And so it has been with God’s plan of redemption. The "blocks" were rules or environments that changed from one age to another, such as the Flood or the laws of Moses. They were stopping points along the way, a means of keeping mankind from slipping backwards. Of course there have been setbacks; remember the nature of free will. But the goal will be reached, because God knows all the possible scenarios. Could God just reach down and yank us all into line? Sure. But love is too valuable to throw away, and the redemption of mankind from this world our first parents handed over to Satan is too important to abandon for comfort in this temporary realm.

Or, you could just reject all of that and choose to believe God is evil, because you are the measure of all things and know all there is to know. And you could accept cycles of history from other belief systems but not the Bible, because... reasons.

7. What kind of God demands worship or sends you to hell?

Many people have a big problem with the very idea that any benevolent being should accept or demand worship. But this depends on understanding what worship is. Think of it as gratitude and respect, even love, for our creator. Of course we don’t worship fellow human beings, but God is not a mere mortal. Jesus is God becoming one of us, to show us the way to relate to God, even if it meant suffering and dying a horrible death though he’d done nothing wrong, and without our asking him to do so. And he did it to give us a true choice between God and the wanna-be God, Satan, who has had control of the world all this time and made it something like hell. Is this not worthy of our gratitude and respect and love? Do we not owe Jesus our loyalty? To do otherwise is to be ungrateful, proud, and self-absorbed. And for what gain?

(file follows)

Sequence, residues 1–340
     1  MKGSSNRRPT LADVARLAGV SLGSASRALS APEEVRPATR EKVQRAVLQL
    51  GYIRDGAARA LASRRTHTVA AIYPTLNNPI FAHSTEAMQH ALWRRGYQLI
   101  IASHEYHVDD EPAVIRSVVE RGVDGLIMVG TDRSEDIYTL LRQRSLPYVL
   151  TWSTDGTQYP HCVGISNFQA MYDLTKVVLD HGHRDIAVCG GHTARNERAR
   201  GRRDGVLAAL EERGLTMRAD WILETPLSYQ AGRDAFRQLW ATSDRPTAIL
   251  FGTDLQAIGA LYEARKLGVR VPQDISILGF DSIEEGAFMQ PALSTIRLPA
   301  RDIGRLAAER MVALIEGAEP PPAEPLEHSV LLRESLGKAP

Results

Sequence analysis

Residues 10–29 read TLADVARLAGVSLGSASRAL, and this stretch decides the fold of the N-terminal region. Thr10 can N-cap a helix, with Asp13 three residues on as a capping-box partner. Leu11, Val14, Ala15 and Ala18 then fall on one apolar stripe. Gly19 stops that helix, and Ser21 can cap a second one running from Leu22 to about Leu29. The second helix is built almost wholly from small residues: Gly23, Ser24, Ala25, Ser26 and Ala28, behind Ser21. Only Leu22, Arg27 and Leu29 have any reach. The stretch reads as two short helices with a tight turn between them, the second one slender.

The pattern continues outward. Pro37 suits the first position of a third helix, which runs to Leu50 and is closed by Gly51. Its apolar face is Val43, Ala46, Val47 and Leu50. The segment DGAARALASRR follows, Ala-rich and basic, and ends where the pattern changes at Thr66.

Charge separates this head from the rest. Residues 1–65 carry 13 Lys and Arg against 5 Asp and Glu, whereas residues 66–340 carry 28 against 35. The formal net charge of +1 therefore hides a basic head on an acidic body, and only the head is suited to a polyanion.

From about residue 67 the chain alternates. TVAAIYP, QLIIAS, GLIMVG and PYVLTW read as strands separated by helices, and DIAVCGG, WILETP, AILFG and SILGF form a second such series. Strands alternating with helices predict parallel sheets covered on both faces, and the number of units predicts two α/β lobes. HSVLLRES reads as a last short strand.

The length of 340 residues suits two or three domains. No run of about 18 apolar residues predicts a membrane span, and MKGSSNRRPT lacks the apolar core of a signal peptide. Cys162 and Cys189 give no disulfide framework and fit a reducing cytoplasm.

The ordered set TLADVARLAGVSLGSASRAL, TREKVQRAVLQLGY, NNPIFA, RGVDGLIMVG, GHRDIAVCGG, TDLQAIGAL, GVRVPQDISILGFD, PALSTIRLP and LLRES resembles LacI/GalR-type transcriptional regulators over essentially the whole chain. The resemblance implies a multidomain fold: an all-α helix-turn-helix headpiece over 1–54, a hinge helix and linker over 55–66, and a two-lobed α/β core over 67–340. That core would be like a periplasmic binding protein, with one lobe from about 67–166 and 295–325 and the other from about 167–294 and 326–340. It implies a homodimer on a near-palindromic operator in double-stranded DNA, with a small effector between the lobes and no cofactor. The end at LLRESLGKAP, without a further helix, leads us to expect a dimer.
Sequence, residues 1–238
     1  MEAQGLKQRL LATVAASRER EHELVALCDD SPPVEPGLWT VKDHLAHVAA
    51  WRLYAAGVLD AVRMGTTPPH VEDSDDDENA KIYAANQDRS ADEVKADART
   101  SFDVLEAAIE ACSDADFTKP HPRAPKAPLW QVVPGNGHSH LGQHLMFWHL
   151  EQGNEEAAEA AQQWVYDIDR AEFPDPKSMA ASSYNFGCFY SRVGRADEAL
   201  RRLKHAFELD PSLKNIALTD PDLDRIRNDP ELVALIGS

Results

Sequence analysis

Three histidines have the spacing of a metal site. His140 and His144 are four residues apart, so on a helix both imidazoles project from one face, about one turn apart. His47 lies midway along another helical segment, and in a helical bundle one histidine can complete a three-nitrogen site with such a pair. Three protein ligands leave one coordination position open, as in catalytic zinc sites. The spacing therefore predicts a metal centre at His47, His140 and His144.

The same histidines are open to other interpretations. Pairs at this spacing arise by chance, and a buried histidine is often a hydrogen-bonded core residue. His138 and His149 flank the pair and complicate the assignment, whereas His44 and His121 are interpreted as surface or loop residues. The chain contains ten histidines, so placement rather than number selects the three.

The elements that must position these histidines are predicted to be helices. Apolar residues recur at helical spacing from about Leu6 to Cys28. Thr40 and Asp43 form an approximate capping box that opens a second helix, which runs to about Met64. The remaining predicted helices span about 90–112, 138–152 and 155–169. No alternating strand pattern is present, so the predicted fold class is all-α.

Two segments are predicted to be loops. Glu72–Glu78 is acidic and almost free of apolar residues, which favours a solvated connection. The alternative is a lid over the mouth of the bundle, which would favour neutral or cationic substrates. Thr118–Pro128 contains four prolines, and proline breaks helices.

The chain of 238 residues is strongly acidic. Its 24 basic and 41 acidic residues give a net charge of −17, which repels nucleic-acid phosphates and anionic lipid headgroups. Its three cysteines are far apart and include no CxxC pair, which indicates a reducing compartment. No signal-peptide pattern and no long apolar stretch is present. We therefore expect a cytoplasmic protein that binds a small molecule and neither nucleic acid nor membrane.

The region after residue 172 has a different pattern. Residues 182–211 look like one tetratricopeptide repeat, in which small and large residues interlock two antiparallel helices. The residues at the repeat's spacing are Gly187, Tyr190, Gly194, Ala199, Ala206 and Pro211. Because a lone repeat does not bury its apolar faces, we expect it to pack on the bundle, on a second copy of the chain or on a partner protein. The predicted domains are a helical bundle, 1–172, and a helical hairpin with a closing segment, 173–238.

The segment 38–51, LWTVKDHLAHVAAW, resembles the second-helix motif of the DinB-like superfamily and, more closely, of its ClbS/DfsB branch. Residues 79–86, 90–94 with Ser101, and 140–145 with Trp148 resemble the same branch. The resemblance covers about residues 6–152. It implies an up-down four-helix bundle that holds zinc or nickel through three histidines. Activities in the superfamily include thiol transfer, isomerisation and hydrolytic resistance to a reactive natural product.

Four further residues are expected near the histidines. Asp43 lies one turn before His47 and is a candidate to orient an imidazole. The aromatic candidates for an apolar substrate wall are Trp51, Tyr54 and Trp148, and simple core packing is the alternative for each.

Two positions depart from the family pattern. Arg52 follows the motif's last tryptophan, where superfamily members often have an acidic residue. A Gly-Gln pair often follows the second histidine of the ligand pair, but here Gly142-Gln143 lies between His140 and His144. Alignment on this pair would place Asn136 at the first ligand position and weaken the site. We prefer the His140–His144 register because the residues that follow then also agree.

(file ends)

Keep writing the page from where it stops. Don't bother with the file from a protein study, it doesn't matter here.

Remember the discussion of "possible worlds"? The nature of God is such that if anyone wants to be away from him for eternity, God has to provide that place of "not God"; we cannot create it ourselves. And since God is the source and definition of all that is good, then the place of "not God" will have nothing good in it. But God does not send us there; we do, through our choice. It’s a simple one but a valid choice nonetheless: God or not, good or not, happy or not... you get the idea. There really are some true binary situations, true black-and-white choices. If there were a third way, wouldn’t God provide it? Wouldn’t he tell us about it? And if you believe that the mere notion of humans not being all-powerful is slavery, then prove your power and create "door number three". Don’t be like children who consider the fence around the playground a prison, when in fact it keeps them safe from the cars zooming by on the other side.